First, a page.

Fast fashion defined as cheap, trendy clothing items that are inexpensive to design, manufacture and get out on the store floor is leaving a massive carbon footprint. It's model is based off of the idea of encouraging over-consumption and generating excessive waste. However, we can make a difference if we remember to stay aware of what we wear.
The fashion industry as a whole has greatly harmed the environment. Fast Fashion brands use toxic chemicals, harmful dyes and synthetic fibers that pollute all water supplies in the foreign countries where the clothing produced, as well as at home once we have washed our items. A study found that nearly 17% of young people reported that they wouldn't wear an outfit again if they had already posted a photo of it on Instagram.
Every year, nearly 11 million tons of clothing is thrown away. That means tons and tons of lead, harmful chemicals and pesticides, which are difficult to break down (not biodegradable or compostable) are being released into the environment. Fast Fashions carbon footprint is making the oil and air travel industries look better than ever. This industry is responsible for 10% of humanity's carbon emissions, which is more emissions than flights and maritime shipping combined.
What's more is that, 85% of all textiles go to the landfill each year. That is about enough to annually fill Sydney Harbor in Australia. And washing some types of clothes sends thousands of mircofibers into the oceans, rivers and water supplies.
Learn about Slow Fashion
Many people are not happy with Fast Fashion. People are starting a new movement, Slow Fashion, in which garments are consciously and mindful manufactured with natural and long lasting materials.
Slow Fashion is also known as Conscious Fashion. Brands are becoming more transparent and honest with who is making the garments, how they are being produced and what the process actually is. Buying garments from a brand that openly talks about their materials, sources and production is key!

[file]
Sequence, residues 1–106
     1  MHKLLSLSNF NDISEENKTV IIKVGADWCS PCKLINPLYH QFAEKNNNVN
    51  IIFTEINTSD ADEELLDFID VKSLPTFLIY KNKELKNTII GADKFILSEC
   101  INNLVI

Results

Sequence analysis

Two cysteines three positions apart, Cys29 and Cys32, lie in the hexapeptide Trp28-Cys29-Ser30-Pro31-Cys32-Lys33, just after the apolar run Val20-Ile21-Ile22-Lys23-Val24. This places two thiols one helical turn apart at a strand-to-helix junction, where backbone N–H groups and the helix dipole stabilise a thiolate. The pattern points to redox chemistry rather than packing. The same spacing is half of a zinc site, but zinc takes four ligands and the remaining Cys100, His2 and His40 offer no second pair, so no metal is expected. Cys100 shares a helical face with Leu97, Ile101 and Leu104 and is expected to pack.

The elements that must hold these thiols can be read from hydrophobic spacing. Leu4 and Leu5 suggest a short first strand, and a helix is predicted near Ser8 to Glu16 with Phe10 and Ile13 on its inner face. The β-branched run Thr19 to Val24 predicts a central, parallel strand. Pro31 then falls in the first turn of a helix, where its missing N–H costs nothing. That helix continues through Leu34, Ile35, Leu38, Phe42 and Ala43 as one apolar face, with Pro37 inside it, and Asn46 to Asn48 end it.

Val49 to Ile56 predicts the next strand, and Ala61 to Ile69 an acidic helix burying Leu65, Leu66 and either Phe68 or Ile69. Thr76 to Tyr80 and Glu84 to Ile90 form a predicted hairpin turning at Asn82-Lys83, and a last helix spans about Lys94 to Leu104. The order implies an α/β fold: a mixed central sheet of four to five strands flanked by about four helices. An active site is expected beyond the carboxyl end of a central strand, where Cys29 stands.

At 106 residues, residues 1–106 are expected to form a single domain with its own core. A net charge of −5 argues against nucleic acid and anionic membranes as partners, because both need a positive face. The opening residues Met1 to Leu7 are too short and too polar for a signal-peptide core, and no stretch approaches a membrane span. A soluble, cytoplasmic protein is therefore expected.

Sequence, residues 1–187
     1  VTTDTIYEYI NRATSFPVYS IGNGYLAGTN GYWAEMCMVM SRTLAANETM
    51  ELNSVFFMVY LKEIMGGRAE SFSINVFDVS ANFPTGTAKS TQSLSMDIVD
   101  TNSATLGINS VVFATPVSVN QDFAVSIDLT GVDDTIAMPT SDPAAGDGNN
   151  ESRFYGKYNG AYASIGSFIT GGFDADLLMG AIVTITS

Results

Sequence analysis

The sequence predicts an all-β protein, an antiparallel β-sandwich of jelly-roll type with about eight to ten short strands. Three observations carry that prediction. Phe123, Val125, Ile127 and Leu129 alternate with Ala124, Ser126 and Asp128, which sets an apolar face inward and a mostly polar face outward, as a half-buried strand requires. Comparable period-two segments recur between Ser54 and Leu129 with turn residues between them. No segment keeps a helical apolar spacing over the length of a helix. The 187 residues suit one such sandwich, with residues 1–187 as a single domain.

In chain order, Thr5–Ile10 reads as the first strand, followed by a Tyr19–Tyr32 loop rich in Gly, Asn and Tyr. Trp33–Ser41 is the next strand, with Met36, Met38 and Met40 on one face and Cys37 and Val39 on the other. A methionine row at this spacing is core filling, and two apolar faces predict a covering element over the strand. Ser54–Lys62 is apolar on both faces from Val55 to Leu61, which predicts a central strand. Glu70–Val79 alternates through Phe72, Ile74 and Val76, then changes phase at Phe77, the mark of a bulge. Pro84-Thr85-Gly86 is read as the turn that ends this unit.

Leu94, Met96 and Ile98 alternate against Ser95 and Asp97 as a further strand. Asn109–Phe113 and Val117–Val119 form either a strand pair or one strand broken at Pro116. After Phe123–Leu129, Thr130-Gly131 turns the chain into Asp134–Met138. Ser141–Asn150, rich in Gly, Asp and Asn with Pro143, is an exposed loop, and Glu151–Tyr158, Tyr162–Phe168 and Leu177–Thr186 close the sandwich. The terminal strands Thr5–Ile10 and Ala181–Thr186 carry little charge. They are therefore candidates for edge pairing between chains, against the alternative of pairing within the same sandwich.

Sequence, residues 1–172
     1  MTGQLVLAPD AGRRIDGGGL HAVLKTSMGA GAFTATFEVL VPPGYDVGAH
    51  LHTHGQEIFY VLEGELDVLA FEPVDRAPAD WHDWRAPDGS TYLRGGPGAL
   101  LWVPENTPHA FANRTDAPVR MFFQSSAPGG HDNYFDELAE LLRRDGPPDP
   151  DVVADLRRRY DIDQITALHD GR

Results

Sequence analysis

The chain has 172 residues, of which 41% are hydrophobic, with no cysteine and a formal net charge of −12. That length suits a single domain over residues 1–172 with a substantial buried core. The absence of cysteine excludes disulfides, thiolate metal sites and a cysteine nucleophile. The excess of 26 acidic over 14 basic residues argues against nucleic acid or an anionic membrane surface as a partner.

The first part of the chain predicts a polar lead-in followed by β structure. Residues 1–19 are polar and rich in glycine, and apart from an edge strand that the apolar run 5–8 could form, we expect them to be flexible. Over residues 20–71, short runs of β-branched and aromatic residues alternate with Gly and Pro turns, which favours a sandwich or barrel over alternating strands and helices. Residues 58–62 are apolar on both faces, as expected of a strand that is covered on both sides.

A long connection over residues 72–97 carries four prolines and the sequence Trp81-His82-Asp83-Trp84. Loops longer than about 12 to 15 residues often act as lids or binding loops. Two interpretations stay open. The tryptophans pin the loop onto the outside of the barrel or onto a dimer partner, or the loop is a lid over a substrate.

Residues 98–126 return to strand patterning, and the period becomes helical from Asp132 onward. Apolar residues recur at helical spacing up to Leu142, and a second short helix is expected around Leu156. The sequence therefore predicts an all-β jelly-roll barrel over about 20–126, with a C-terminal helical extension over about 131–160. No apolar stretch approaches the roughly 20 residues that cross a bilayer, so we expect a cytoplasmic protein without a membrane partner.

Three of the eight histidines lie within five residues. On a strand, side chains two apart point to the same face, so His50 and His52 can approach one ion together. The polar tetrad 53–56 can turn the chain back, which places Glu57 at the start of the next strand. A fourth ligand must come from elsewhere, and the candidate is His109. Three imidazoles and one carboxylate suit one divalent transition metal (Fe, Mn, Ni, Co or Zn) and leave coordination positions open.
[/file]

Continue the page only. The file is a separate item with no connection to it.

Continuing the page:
What can you do?
We can start by asking, #whomademyclothes ?
Buying garments from a well-known and recognized responsible brand who remains transparent of how and where their fabrics and garments are made will ensure that you are caring for the earth and its inhabitants , whilst still being fashionable.
Remember that buying less is actually more! Investing in reasonable and long lasting garments with natural materials is important. Additionally, you can even take the 30-wear pledge, in which when buying an item you ask if you would wear it at least 30 times! If you hesitate or say no, then don't buy it!
As a general rule of thumb, the best materials are recycled – nylon, polyester, cotton and wool, so you can look for these on clothing tags! Definitely look out for organic materials, especially linen and hemp and also cotton! New, great and increasingly popular fibres include Tencel (created from wood) and Monocel (from bamboo).
Overall, do your research into brands, how they work, who is producing their garments and what type of garments they are producing (fast and unsustainable or slow and ethical?).
For starters, we recommend the “True Cost Documentary” as well as checking out the Good On You App!